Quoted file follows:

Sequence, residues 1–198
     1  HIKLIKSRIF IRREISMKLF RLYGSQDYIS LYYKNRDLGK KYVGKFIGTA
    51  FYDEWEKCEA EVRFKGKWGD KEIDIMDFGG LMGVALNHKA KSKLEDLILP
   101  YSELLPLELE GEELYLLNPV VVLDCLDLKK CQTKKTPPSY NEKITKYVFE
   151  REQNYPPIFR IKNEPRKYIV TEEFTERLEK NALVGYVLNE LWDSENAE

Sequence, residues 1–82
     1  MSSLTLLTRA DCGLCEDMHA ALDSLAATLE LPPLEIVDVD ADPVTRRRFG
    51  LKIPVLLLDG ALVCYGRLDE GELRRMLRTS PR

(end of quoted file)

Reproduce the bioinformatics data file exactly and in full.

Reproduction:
Sequence, residues 1–198
     1  HIKLIKSRIF IRREISMKLF RLYGSQDYIS LYYKNRDLGK KYVGKFIGTA
    51  FYDEWEKCEA EVRFKGKWGD KEIDIMDFGG LMGVALNHKA KSKLEDLILP
   101  YSELLPLELE GEELYLLNPV VVLDCLDLKK CQTKKTPPSY NEKITKYVFE
   151  REQNYPPIFR IKNEPRKYIV TEEFTERLEK NALVGYVLNE LWDSENAE

Sequence, residues 1–82
     1  MSSLTLLTRA DCGLCEDMHA ALDSLAATLE LPPLEIVDVD ADPVTRRRFG
    51  LKIPVLLLDG ALVCYGRLDE GELRRMLRTS PR